A Superior Court judge ruled Thursday against the Cowlitz Indian Tribe, which sued Vancouver attorney D. Angus Lee after he requested that the Clark County Sheriff’s Office hand over video surveillance of an alleged assault in October at the tribe’s ilani casino.
Lee was the second person to ask for the video.
The initial requester, Richard Christie, and the sheriff’s office were sued by the tribe’s gaming authority last year in an effort to prevent the release of the video. However, Christie’s case appears to be stalled in court because he withdrew his request for the casino floor footage.
Enter Lee, who requested the video and, in turn, was sued by the tribe Dec. 3.
On Thursday, Clark County Superior Court Judge Bernard Veljacic sided with Lee and ordered the video could not be withheld. The judge extended the tribe’s request to temporarily prevent the release from happening for two weeks in order to give it an opportunity to appeal, according to proceedings and decision affidavit.
Quinn H. Posner, a Camas-based attorney, previously told The Columbian that Christie was attacked by a group of people at the casino Oct. 6, after a viewing of an Ultimate Fighting Championship event.
Christie was “beaten senseless,” Posner said, and his client’s intention in obtaining the videos was to find out more about the assault because he was quickly knocked unconscious.
The sheriff’s office opened an investigation into the altercation and requested the videos, which the casino promptly provided. Christie filed a public records request to obtain the videos for himself.
The sheriff’s office was set to release the videos to Christie on Oct. 30, but then the Cowlitz tribe filed its lawsuit, which prevented the videos from being handed over immediately. The Cowlitz tribe asked the court to prevent the release from ever happening.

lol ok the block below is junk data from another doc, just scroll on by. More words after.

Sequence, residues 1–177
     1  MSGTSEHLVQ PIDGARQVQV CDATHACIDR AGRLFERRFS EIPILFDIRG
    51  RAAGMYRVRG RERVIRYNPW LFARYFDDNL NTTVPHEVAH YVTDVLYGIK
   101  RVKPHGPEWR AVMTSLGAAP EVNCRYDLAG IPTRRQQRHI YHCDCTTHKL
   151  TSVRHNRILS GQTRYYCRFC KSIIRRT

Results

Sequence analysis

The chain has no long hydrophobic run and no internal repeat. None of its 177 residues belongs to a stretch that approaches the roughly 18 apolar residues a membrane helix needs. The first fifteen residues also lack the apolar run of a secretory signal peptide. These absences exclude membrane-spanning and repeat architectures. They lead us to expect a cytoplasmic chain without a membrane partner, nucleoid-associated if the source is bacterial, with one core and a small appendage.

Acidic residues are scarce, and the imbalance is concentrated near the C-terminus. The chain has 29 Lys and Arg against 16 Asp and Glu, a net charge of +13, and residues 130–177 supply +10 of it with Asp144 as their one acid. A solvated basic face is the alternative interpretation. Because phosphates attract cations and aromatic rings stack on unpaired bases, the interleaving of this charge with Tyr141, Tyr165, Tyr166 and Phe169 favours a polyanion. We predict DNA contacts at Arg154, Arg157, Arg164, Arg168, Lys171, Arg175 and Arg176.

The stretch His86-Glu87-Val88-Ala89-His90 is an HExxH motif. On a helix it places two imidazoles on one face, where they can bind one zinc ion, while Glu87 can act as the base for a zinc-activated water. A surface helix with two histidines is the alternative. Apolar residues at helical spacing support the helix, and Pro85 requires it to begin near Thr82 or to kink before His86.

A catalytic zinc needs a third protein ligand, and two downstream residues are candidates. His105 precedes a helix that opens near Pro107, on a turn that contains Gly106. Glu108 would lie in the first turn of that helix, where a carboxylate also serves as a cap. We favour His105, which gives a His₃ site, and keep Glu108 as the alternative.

The Cowlitz tribe argued that releasing the videos to Christie would compromise ilani’s security and “expose it to potential criminal activity.” Additionally, if it were to release the videos to a member of the public, not only would it breach casino security, it would put employees and customers at “increased risk.” The Cowlitz tribe also argued that it’s a sovereign nation and isn’t subject to Washington’s Public Records Act.
Similar arguments fill the pages of the tribe’s lawsuit against Lee.
“The security of a casino is significantly compromised when the surveillance capabilities are made known to the public,” it says.
An attorney for the tribe’s gaming authority, Joseph Vance, wrote in a motion that multiple legal exemptions apply to releasing the video.
Vance said the material falls under the “security exemption” of the Public Records Act, which protects parts of records prepared to prevent, mitigate or respond to criminal terrorist acts, described as acts “that manifest an extreme indifference to human life, the public disclosure of which would have a substantial likelihood of threatening public safety …”
The casino further asserts that the video is exempt from release because it is an investigative record held by law enforcement.
Lee responded that none of the exemptions apply to the case.
The sheriff’s office “has not claimed any exemptions apply. If it were true that these records needed to be withheld to protect against terrorists, or to ensure effective law enforcement, or public safety, or an ongoing investigation, (CCSO) would have stated so by now,” Lee wrote in a preparatory memo.